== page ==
Wiebe is back with another review and this time he is tackling a classic!
Miles Vorkosigan’s physical infirmities have destroyed his lifelong dream. After flunking the physical and being dropped from the Barrarayan military academy, he takes what he thinks will be a pleasure trip. However, Miles has a towering talent for leadership-and for chaos-and he and his companions soon run afoul of spacegoing mercenaries. One thing leads to another until miles, now a self-appointed admiral with an alias, finds himself leading his mercenaries on an impossible mission. If he can’t be an officer in the Barrarayan military, perhaps miles will make a very good space pirate.
There is still one problem, however. Miles is a member of the Barrarayan aristocracy, and the law of his home planet forbids members of that class from having their own armed forces…and breaking that law carries a death sentence.
My wife, the Fantastical Librarian, suggested Lois McMaster Bujold’s The Warrior’s Apprentice to me when we were shopping in the Forbidden Planet in London. She knows I like military SF and said this was said to be a very good series. It is also a very old series, this book is from 1986. The age might explain why I never encountered this book in a store here in Holland. Lois McMaster Bujold still writes award-winning books for this universe so it must be good. Unwittingly, I have read book three in this universe, but fortunately the first book that features Miles Vorkosigan as a protagonist. Reading it I could sense that I missed some of the intricacies of the setting, but that did not detract from my understanding and enjoyment of this book.
And, oh my, Miles Vorkosigan is a brilliantly written character. As stated on the back of the book, he has health issues that set him apart from his peers. He is small for a man and has brittle leg bones due to an attempt to assassinate him when he was a kid. The political intrigue behind this is hinted at and leaves me wanting for more exposition. But the universe is rich enough that a full understanding will come with reading more of this series’ books.
Miles has two distinctive character traits. One: he has a physical disability in a world without many who do. Two: he is a bit of a genius and lateral-thinker. Both are very hard to write without me disconnecting from the narrative, because I want to argue with the way they are framed. But on both counts McMaster Bujold threads that fine line perfectly, making Miles already one of the most beloved and memorable characters I have ever read about. It is strange that I have no “older” characters to compare him to. So I have to say he reminds me of Jorg Ancrath from The Prince of Thorns by Mark Lawrence or Darrow from Red Rising by Pierce Brown.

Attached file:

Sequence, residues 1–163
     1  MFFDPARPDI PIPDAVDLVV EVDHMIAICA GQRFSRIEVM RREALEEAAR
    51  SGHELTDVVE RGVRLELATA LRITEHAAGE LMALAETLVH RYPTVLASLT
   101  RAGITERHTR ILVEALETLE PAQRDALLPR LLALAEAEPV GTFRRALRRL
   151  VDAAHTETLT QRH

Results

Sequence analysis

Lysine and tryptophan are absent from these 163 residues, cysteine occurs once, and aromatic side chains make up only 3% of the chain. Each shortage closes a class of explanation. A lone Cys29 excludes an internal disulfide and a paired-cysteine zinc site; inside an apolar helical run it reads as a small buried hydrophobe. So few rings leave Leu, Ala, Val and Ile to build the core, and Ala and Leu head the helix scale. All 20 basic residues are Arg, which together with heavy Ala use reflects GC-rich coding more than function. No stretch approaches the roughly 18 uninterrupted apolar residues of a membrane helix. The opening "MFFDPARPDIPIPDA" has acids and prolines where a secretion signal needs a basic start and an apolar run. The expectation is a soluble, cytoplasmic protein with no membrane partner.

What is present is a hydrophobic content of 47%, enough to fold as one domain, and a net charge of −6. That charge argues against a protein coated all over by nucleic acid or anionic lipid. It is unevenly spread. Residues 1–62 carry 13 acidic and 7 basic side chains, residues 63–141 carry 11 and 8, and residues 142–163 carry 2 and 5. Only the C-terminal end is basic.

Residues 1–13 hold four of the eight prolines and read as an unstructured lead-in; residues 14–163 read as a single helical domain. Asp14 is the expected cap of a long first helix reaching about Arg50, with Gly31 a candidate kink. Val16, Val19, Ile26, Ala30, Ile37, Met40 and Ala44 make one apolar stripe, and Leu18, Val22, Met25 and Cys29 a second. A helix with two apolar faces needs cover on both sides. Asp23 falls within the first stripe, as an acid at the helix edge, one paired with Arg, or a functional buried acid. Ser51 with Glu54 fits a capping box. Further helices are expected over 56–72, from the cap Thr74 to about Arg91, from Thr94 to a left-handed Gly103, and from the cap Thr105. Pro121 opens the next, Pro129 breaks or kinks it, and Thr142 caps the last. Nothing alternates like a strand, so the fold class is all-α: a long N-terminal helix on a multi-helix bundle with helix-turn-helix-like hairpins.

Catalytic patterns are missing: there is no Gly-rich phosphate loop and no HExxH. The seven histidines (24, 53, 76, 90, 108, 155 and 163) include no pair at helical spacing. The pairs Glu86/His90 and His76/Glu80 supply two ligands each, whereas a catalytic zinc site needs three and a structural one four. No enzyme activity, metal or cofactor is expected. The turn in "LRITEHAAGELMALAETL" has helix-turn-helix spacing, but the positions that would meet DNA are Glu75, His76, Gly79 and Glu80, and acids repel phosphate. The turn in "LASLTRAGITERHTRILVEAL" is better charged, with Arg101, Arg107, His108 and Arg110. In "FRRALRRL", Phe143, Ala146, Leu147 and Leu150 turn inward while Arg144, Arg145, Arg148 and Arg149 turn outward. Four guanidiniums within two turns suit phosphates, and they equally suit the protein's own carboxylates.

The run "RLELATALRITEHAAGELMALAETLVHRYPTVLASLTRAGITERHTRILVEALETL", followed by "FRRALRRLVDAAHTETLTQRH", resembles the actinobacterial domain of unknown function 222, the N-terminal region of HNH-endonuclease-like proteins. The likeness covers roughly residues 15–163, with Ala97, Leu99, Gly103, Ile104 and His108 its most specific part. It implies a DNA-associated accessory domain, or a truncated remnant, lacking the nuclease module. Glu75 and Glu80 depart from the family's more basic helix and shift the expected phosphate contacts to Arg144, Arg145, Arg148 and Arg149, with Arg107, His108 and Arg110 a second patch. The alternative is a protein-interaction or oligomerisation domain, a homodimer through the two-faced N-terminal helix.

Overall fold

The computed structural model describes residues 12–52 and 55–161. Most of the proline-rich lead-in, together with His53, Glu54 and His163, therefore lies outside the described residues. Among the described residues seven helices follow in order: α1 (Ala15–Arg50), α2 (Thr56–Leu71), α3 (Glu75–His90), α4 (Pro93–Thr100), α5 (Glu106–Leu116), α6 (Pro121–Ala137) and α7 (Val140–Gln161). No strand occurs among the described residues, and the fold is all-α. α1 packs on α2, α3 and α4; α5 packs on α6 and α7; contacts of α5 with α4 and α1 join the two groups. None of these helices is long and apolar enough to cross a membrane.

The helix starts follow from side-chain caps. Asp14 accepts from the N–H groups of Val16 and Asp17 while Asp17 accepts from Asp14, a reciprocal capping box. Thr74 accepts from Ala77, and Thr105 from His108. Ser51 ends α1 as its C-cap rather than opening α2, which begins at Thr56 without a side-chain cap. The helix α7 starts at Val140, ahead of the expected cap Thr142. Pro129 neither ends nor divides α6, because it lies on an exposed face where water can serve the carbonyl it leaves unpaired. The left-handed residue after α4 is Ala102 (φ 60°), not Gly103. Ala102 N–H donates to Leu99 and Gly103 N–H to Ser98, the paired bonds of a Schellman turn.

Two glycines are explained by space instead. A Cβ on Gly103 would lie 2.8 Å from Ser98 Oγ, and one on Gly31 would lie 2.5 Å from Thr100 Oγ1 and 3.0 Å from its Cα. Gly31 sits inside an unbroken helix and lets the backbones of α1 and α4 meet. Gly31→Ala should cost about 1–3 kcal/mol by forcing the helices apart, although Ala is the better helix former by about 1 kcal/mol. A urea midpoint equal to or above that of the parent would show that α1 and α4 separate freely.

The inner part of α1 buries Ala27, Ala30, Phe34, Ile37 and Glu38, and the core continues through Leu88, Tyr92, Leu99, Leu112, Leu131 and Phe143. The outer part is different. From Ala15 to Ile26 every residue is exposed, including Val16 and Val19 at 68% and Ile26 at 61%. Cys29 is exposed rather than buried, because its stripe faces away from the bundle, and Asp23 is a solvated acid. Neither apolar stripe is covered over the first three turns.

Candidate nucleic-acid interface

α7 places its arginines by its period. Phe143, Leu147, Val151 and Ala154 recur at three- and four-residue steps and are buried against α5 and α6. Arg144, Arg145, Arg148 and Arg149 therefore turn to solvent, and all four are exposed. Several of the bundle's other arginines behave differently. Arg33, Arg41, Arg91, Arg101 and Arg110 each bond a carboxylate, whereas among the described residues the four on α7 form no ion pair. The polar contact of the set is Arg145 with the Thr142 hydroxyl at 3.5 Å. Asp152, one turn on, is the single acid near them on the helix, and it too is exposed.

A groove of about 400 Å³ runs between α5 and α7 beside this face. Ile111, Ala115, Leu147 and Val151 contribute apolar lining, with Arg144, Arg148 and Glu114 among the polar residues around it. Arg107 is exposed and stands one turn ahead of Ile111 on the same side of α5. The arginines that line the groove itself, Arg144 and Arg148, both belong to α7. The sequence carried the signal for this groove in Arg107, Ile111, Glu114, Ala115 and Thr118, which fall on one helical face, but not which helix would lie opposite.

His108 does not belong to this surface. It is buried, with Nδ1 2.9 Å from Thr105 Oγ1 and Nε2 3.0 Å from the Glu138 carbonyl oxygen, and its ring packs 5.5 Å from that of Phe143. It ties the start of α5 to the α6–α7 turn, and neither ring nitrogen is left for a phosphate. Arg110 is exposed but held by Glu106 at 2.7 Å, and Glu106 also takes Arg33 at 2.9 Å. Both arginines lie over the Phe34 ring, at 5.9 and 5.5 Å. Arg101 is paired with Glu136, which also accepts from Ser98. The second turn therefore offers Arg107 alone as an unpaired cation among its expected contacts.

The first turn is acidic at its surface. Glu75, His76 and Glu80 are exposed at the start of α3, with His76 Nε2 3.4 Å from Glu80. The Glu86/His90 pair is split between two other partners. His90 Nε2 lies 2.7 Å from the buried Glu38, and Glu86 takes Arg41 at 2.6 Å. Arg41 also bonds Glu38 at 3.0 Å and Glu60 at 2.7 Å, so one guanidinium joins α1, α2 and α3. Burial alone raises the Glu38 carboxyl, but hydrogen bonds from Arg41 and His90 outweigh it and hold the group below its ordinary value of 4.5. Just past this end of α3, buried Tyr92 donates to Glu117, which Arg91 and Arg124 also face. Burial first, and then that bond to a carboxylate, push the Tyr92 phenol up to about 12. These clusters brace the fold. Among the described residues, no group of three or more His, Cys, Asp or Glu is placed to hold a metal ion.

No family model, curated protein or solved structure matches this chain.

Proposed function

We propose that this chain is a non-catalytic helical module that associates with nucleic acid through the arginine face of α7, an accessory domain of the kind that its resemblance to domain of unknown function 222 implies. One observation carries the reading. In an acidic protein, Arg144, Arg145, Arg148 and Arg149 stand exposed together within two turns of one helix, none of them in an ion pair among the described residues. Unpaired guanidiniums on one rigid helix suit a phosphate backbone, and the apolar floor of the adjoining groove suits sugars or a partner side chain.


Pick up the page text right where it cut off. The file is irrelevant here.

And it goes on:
Reading along with the first person perspective of the cynical, self-loathing but brilliant protagonist is a bit like following a tornado. You can’t but help hurrying along the text to see what he will come up with next. And for the writer it must be very hard to write convincingly about the universe and the actions the protagonist takes, without it falling flat. It is so easy to fall into the trap of making your character look brilliant by making his opponents stupid. Or to manipulate the situation to fit his exact needs. I am glad that I finally got introduced to this protagonist and am looking forward to the next book that is en route to my house as I write this.
There are many secondary characters that accompany Miles through his mad dash throughout the universe. They are all overshadowed by his temperament (and one even says so to his face), but they all have their own personality, histories and identity. They all feel like real people, maybe caught up in the tornado, but with their own goals, motives for actions and so on. They do not exist to make Miles look good, just to help him back up when he falls on his ass.
The Warrior’s Apprentice is outstanding on all the things that make military space opera work for me. The universe is rich, even though we only glimpse a part of it. It does not bury you in overwhelming information dumps, but tells you just enough to leave you wanting more. The political structure is rich, intriguing and hints of many possibilities for when Miles gets older and more involved. Even the odd, hereditary government of Barrayar adds to its strange and rich universe. Then there is the military aspects and associated action, which I found very well done. The tech is not too much elaborated upon with scientific terms, but it breathes convincing future-tech. Add to that the characters and writing style and you have this exceptional book. Now I have to go thank my wife (Editor’s note: You’re welcome and… I told you so.) and find more money to buy the rest of this series.